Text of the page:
Childhood pneumonia researcher recognised with Peter Wills Medal

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A range of researchers and influencers were acknowledged at the recent Research Australia Health and Medical Research Awards.

The illustrious Peter Wills Medal was awarded to Professor Kim Mulholland for his research to improve the health of children in developing countries. Professor Mulholland has focused his over three decades of research on childhood pneumonia, in particular, the evaluation and introduction of new vaccines for the prevention of pneumonia in the developing world.

“From the achievements of Sir Frank Macfarlane Burnet and Sir Howard Florey to Elizabeth Blackburn and Ian Frazer, Australia has a proud and illustrious history when it comes to medical breakthroughs and charting an influential and significant course in health and medical research. Professor Mulholland continues this tradition," said Research Australia CEO, Nadia Levin.

“Professor Mulholland’s global contributions to the problem of childhood pneumonia, past and current, continue today with studies underway in many countries including Vietnam and Mongolia and demonstrate not only his professional commitment to controlling this disease but also his dedication to its eradication."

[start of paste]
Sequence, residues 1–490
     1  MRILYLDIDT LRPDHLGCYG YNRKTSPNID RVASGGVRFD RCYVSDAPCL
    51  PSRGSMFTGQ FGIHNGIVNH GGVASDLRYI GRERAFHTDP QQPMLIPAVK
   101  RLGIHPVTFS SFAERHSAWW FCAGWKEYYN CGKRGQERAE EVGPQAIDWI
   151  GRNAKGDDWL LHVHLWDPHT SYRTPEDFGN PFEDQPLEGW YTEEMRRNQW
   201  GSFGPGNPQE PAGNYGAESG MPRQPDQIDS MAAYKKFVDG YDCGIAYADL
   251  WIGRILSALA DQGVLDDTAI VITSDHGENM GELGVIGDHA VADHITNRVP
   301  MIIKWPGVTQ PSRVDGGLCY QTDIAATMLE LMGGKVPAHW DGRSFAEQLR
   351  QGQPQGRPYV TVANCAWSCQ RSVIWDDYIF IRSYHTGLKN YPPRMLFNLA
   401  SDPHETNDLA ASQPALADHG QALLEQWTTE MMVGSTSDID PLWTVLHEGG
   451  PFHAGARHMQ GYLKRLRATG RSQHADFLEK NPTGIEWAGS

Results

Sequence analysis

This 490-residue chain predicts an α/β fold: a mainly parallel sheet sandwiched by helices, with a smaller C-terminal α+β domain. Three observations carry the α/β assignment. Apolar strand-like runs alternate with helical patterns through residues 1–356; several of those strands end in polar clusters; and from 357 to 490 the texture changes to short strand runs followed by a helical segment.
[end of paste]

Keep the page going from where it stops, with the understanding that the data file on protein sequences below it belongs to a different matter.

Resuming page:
The Great Australian Philanthropy Award was awarded to Mr Andrew Forrest AO and Mrs Nicola Forrest for their leadership in giving with impact and offering examples of good practice to encourage further social giving.

Mr Forrest is the founder and former CEO of Fortescue Metals Group. Mr and Mrs Forrest recently announced one of Australia’s largest private donations, of $400 million, including $75 million dollars for the Eliminate Cancer Initiative.

The Leadership in Corporate Giving Award went to The QBE Foundation. 

The Foundation, which was launched in 2011 to mark the company’s 125th anniversary, is a global initiative under which QBE Insurance provides charitable support through partnerships, donations and volunteering.

The Sanfilippo Children’s Foundation was recognised with the Advocacy Award for its commitment to funding research into the rare genetic condition that causes fatal brain damage. The Foundation was established in 2013 by Megan Donnell following the shock diagnosis of Sanfilippo Syndrome in both of her children – Isla and Jude –then aged just 2 and 4.

The Health Services Research Award went to the Australian and New Zealand Hip Fracture Registry, a web-based audit of hip fracture care and secondary fracture prevention, for its contribution to the significant improvement in healthcare.

Dr Avnika Ruparelia, an early career researcher in the School of Biological Sciences at Monash University, was awarded the Griffith University Discovery Award, for an outstanding contributions to the muscle disease field. Since starting her PhD in 2011 Avnika has explored the cause of muscle weakness in, and therapeutics for a group of late onset muscle disorders known as myofibrillar myopathies.